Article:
Last Sunday marked the 30th anniversary of the murder of Emil Grunzweig, a Peace Now activist who was killed when a right-wing extremist threw a hand grenade at the close of a stormy demonstration. Two days earlier, the Kahan commission, which had been charged by the Israeli government with uncovering the factors leading to the massacre of Palestinian refugees in the Sabra and Shatila refugee camps in Beirut the previous September, had announced its findings. It held the then Defence Minister Ariel Sharon indirectly responsible for the mass murder perpetrated by Christian Phalangist forces, calling for his dismissal. Peace Now had been actively opposing Israel’s invasion of Lebanon since a couple of weeks after it began in June 1982. This was the first time that Peace Now had criticised the government’s deployment of its armed citizenry at a time of war. As Israeli forces advanced well beyond the 40km limit declared initially for ‘Operation Peace for Galilee’, Peace Now rallied 100,000 demonstrators in Tel Aviv under the slogan ‘What are we killing for? What are we being killed for?’ Following the massacre, the movement mobilised its largest ever demonstration on 25 September, attended by a legendary crowd of 400,000. But there was by no means a public Israeli consensus against the war, there being many ardent, vocal supporters of Sharon’s war, for whom Peace Now were traitors.
So on that fateful night when Emil went out to demonstrate, he and the other 10,000 marchers had to pass, on their way from Zion Square to the Prime Minister’s office, a gauntlet of spitting, kicking, punching, missile-throwing, pushing, banner and torch-snatching, hateful counter-demonstrators, some of whom accused the Peace Now women of dishonouring the nation because of their love for Arabs. The last photograph of Emil alive shows him at the front of the demonstration, arms linked with other reserve paratroopers who were Peace Now activists, forging a way through the crowd for the demonstrators. Emil Grunzweig, in the Demonstration in which he was assassinated. Photo: Vardi Kahana[/caption]Yaron initially felt the impulse to participate in the elevation of Emil to a hero of the peace movement, but then, as did the rest of the Peace Now leadership, settled back into their regular mode of opposition to the mythmaking of the right. Although Emil’s memory was preserved through regular commemorative seminars about democracy and human rights, as well as the establishment of the Adam Institute for Democracy and Peace, perhaps the peace movement could have done with its own mythical martyr before Rabin’s assassination in November 1995. Orit Kamir wrote in Ha’aretz that the 30 year event was attended mostly by silver-haired pensioners. Emil has been largely forgotten by Israeli society; the trauma of the civil violence of his death in 1983 seems to have been repressed, actively forgotten.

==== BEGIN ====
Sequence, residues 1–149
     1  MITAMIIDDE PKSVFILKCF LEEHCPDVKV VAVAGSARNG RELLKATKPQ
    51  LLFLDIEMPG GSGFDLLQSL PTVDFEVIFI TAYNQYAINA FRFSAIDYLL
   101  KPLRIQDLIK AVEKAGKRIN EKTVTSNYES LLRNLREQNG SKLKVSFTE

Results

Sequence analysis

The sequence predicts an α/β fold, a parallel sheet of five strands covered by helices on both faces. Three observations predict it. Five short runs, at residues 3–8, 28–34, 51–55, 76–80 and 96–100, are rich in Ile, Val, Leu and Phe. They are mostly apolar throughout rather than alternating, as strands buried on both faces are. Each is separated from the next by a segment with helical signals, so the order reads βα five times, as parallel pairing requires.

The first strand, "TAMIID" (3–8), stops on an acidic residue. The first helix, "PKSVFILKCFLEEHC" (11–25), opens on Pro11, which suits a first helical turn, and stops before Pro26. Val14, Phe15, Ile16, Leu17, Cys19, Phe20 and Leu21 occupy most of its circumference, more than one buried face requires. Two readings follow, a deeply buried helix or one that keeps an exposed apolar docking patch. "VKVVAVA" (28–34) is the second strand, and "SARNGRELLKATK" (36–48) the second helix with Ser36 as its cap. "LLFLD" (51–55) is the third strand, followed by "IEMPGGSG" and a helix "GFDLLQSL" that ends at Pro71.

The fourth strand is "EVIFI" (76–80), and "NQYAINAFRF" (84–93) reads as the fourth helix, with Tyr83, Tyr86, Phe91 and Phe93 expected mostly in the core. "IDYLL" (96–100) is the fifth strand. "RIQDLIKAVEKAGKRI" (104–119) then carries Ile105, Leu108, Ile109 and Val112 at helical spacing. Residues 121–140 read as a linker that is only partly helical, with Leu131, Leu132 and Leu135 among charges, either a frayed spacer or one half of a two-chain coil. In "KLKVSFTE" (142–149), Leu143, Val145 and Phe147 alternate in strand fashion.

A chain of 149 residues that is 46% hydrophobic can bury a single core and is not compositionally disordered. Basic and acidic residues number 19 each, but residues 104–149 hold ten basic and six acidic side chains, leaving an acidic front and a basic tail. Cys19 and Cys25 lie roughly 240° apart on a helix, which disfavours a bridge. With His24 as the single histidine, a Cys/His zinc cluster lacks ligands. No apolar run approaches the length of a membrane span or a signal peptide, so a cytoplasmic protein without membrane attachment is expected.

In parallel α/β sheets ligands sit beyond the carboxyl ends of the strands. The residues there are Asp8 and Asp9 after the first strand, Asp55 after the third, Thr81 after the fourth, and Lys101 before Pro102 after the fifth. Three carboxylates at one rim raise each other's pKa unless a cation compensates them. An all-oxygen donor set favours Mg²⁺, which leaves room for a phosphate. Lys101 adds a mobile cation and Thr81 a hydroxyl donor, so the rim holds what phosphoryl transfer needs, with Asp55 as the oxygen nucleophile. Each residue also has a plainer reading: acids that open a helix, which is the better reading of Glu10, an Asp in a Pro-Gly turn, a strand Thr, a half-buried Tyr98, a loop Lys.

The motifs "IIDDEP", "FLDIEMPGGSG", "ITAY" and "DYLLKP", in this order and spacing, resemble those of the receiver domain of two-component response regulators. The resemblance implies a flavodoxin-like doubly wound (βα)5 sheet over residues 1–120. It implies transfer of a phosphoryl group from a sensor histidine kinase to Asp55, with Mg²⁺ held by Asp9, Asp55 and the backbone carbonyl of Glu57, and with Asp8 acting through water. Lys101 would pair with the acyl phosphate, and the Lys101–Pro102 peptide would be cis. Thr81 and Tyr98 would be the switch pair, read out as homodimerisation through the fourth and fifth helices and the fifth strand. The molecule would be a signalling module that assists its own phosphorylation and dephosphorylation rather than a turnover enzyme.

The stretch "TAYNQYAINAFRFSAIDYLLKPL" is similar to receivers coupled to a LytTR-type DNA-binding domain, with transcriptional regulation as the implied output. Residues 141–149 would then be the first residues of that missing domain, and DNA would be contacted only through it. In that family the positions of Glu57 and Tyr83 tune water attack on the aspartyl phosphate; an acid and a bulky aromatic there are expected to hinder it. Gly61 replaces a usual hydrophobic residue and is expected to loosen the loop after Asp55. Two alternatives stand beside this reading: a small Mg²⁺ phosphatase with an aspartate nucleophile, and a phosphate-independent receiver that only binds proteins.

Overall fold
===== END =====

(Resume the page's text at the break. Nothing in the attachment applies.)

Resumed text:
But Niva Grunzweig has not forgotten her father, and in her speech at the commemoration knew to connect between the violence of her father’s murder, as he exercised his democratic right, and the state’s inaction against the political culture of incitement that led to his murder. More than that, she pointed to the affinity of the act of political violence that cost her father his life, and the daily violence exercised by the current Israeli state that delegitimizes all ‘leftist’ criticism as a danger to the state. Most significantly, she sees the connection between the violence through which the state was established and its ongoing violence towards its dissenting citizens and the non-citizens over whom it rules. As in the Peace Now slogan against the 1982 war to which Emil rallied, his daughter reminded us that a state that demands that we kill for it will also kill us. She imagines for us a saner future, imagining that the state take responsibility for its violence, and seek the forgiveness of its citizens and non-citizens by renouncing such violence. Peace, like sanity, might come to us by taking responsibility for the political violence of the state, the violence perpetrated in our name. All that Niva asks is that her children grow up in a state where they can expect their parents to come back alive from demonstrations against the government, to not be orphaned by state violence. All that she asks is the sanity that is peace.